Would the CT shooter have killed as many children had he not had such easy access to firearms? Probably not, but I can’t say he definitely would not have. My point is that there may be another idiot some day who kills just as many people. What if some mentally insane chap hi-jacks a school bus with 40 elementary students on board and runs it off a cliff or into a ravine? What do we do/say then? Should we put armed guards on school buses? Should we arm the bus drivers? If more children died, surely it would be tragic and maybe just as preventable…so what do we do?

    Can tragedies like this be totally averted? I don’t think so…at least not as our society exists today. Forget about the “culture of violence”, “guns on tv” crap…I mean to what point do we go? When it comes down to it, are you willing to sacrifice some freedoms for the feeling of protection you may get thinking that the handful of sociopaths out there have legally restricted access to guns. Maybe so, but is your child actually safer. What if the nutball on a murderous mission was already a convicted felon and already couldn’t legally possess a firearm. He may be able to get one anyway through various illicit means. What law do we enact then?

    You can’t be safe everywhere all the time as there is no solid way to defend against an unpredictable psycopath.

  • Arlmom

    His mother wasn’t in the school at the time–so why was he let in? And dressed in assault gear.

    APS needs to up their safety pronto. It’s a fucking joke.

    You don’t buzz everyone in and then have them go to the office.

    You verify before you give them access. Why not bring the kids to the door and let them out when needed to leave early.

    Things will still happen but that doesn’t mean we don’t make it harder for nut jobs.

    Not so great argument to just remain status quo which is currently worse than most counties in the US. Wake up APS!

  • Alex

    Let’s also conveniently ignore that the biggest massacre at an elementary school was not perpetrated with guns, but with dynamite:


    Sorry folks, but the gun debate is a moot point. It’s time to focus on mental health issues, not restricting firearm access. Psychopaths will find a way to hurt and murder — it is in their nature. We have a serious problem with treating mental illness as a real disease in this country and the longer we ignore it and find other scapegoats, the farther away we are from some sort of productive progress.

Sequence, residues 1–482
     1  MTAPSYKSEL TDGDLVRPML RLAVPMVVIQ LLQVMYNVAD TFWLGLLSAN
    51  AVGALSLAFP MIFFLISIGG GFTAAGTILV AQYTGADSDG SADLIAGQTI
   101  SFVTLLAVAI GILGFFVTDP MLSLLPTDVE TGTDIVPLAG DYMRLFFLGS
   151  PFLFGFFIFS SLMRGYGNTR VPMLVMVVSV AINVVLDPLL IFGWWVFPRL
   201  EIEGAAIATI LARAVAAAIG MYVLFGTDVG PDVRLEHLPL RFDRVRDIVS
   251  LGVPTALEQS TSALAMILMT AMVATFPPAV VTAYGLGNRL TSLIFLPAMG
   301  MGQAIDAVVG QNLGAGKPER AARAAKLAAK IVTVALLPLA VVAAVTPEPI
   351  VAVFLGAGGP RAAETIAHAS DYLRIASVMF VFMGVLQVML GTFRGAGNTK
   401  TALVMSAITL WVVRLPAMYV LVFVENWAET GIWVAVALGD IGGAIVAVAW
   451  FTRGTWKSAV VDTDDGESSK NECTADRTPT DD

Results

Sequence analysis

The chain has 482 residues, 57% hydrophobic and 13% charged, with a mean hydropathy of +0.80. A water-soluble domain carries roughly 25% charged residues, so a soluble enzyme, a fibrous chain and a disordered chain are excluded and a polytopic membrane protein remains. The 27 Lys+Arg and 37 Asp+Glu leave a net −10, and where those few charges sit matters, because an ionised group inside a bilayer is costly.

• drax

      Okay, but dynamite is harder to get than a gun, and dynamite attacks are much more rare than gun attacks.

      • Alex

        The point is that maniacs don’t need guns to commit acts of mass murder and injury. By restricting gun access we’re not addressing the root of the problem — mental health.

        • drax

          True, but we can and should make it harder for maniacs to get weapons because it makes it harder for them to murder.

    • Mary-Austin


      Yes we know there are psychopaths out there. There always have been and always will be. Why do we make firearms accessible to them.

      And if guns are not any more effective than other methods why do we have so many mass shootings?

      • Alex

        Want something more recent? One of the worst mass-murder events in US history was committed in 1990 with a gallon of gasoline; Julio Gonzalez, who was later convicted of arson and murder, spread gasoline on the entrance to the club and set it ablaze. 87 people died. Not only did the gasoline cost far less than a gun, it is much easier to obtain.

  • bobbytiger

    Possible signs to be posted on school grounds to deter foul play:
    1. “This school is a Gun Free Zone”
    2. “This school is protected by trained armed personnel”
    I know which one I would prefer.

    • honestly?

      Yes let’s turn all elementary schools into armed fortrresses, It’s a small price to pay for Ted Nugent et al to be able to unleash unrestricted firepower.

      • bobbytiger

        Given the fact that the police do not have a duty, (Warren vs. the District of Columbia), to provide protection to its citizens, I’d say that an armed Ted-like teacher(s), is a better deterrent than no defense at all.
        On the other hand, I suspect that others, like perhaps yourself, are simply happy posting the “Gun Free Zone” sign.

        • drax

          But then some court will rule that schools don’t have a duty to protect children either.

        • OMG

          yessir here we have the reasoned argument of the gun lobby……more guns is the only possible answer…..of course no teacher ever got “stressed out” or “screwed up” or perhps has a son that could get at their weapons……do you ever listen to your selves?

          • really

            Im suprised these pro gun lobby maggots even have the nerve toshow their faces this week

  • dk (not DK)

    What is interesting is how our view of gun control has changed over the last 20-30 years, with many more people opposed to gun control than in the past. Our nation has been sold a bill of goods by the NRA, and we the gullible have swallowed it, lock, stock, and barrel. No pun intended.

    • drax

      As always, saying “anyone who disagrees with my position is gullible and/or stupid” is really lame.

      • dk (not DK)

        Thanks for your insights, drax.